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Discussion in 'Where am I? Where are you!' started by jchny2000, Dec 18, 2012.
Anyone here from Granger? We are looking at a home there, no HOA for this house, so other than that wondering if I could have some chickens there? The home has about 1 acre and not in one of the subdivisions in Granger.
I would take it just in case it hatches during the night. I would not want to risk finding out the hen had pecked it while I was sleeping. Also your rescued chick, when it survives will need a brooding buddy or a mirror. The brooding buddy is easier.
She will most likley attack the other if it hatched too.And if she hatches eggs again will most likley peck all the hatches. You could let her hatch the egg and watch so as soon as it hatches you can take it away
Any reason why the broody hen pecks the chicks. I can understand the past is a good indicator of the future. What I'm more of asking is if the hen can smell the true laying hen and somehow know they aren't hers or something else that would make her hate the chicks she just spent over 2 weeks hatching.
I really dont know why they peck the chicks. I have had hens hatch eggs from other hens and mother them just fine. I have never had a hen peck her chicks, but they usually repeat the pattern
No. Hatcheries do not have heritage breeds. They have birds that are labelled as heritage breeds. Compare any hatchery bird to a heritage bird from a breeder, and you can see that they are far from the same. Hatchery birds often have the wrong shape, size, and sometimes even color (as is the case for their RIRs and so-called 'Americana/Araucanas'). As far as their egg laying abilities, outcrossing isn't a magic fix-all for all the bird's problems. Just because you take a poor layer and cross it with a super layer doesn't mean the offspring will be 'excellent' layers. It's probably safe to say, though, that these hatchery birds, even the poor layers, lay better (and earlier) than their high quality counterparts.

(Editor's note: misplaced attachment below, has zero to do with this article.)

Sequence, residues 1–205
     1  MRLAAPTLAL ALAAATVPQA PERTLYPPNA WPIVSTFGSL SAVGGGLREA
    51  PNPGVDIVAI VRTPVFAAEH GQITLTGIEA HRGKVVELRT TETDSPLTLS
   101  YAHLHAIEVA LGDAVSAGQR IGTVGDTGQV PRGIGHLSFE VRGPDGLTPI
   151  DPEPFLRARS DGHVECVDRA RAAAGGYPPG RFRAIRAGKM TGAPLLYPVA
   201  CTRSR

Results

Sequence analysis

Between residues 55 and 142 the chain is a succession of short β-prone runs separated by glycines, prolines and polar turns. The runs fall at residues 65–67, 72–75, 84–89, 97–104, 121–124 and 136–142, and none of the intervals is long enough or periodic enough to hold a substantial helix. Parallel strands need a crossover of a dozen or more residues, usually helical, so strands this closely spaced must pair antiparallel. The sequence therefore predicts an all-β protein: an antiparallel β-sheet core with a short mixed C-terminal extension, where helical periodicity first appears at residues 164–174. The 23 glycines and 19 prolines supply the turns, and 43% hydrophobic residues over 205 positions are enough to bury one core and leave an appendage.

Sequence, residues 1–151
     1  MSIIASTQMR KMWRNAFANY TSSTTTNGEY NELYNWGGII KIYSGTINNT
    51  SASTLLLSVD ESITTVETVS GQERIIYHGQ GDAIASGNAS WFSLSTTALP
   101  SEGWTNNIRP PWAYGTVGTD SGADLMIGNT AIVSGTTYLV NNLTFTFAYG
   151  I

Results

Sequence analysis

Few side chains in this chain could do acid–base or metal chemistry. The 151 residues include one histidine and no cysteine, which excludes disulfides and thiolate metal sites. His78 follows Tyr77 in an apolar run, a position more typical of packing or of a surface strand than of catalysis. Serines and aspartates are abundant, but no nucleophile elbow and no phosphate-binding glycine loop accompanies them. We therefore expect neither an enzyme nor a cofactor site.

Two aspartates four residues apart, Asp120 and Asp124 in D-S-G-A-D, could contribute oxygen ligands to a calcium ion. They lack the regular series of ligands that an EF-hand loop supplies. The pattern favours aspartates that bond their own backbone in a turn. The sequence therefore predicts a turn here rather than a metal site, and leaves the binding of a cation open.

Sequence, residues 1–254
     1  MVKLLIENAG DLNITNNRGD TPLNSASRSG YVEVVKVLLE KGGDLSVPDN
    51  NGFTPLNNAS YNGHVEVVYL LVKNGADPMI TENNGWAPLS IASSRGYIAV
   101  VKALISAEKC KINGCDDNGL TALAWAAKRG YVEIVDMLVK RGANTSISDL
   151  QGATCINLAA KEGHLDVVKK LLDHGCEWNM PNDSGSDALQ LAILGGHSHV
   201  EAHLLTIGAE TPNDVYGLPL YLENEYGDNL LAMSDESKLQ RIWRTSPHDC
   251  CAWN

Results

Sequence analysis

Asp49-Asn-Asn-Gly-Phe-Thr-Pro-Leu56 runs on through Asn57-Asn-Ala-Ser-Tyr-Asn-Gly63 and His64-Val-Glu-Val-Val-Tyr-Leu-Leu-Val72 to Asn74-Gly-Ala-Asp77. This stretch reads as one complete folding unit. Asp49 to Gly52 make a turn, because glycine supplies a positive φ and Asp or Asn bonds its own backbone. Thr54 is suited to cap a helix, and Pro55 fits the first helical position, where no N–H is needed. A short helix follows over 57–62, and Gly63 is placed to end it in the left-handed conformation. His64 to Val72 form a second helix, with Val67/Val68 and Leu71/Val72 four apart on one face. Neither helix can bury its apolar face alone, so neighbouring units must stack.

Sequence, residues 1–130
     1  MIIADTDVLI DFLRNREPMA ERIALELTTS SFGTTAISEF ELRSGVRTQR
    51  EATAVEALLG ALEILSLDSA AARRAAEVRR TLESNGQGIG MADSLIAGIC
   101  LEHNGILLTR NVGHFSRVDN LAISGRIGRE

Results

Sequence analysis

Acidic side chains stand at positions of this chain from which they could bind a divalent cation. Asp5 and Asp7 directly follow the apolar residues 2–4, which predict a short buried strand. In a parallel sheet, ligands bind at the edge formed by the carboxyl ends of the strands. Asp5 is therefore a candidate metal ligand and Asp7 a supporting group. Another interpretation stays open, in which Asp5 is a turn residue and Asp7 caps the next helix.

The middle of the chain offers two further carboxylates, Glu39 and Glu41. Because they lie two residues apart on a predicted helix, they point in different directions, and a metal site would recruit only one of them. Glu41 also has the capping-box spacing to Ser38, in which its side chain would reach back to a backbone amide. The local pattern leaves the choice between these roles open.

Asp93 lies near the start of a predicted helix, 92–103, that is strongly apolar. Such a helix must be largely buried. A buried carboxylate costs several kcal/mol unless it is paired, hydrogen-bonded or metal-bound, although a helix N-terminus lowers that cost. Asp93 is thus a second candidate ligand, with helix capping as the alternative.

Notice also that I didn't say they were mixes, I said they were outcrossed in the past. This means that a different breed (or a different color of the same breed) was crossed in to improve the line in some way, and then the offspring of this cross bred back to pure birds with the hope that that improvement can be maintained in future generations. Outcrossing is performed even in show quality lines, but is often more controlled in that setting because unlike with hatcheries that mass produce and so they have hundreds of birds, breeders typically have small breeding groups and can cull anything undesirable in generations after the outcross as they work to improve the breed by the standard.
I am so very sorry. Please visit the other threads I showed earlier in this thread. There are others with md in their flocks and can help. They have helped me tremendously.
Will you be having a necropsy done? Did they do blood work?
It is so easy to become attached to these little creatures. You did a good thing today. She was loved and she knew it. You can't really do much more than that.
here are a few more pictures of chicks i dont think ive ever posted. these are some chicks from Hoosier Silkies. Id have to double check age. Im not sure what the golden colored chick is, but has some blue in it as well, Porcelain? the others are splash and a blue.
unsure of color chick. thinking its a roo.
splash 1 chick. thinking its a roo.
splash 2. thinking its a pullet.
blue chick. thinking its a pullet.
arest in peace Sesame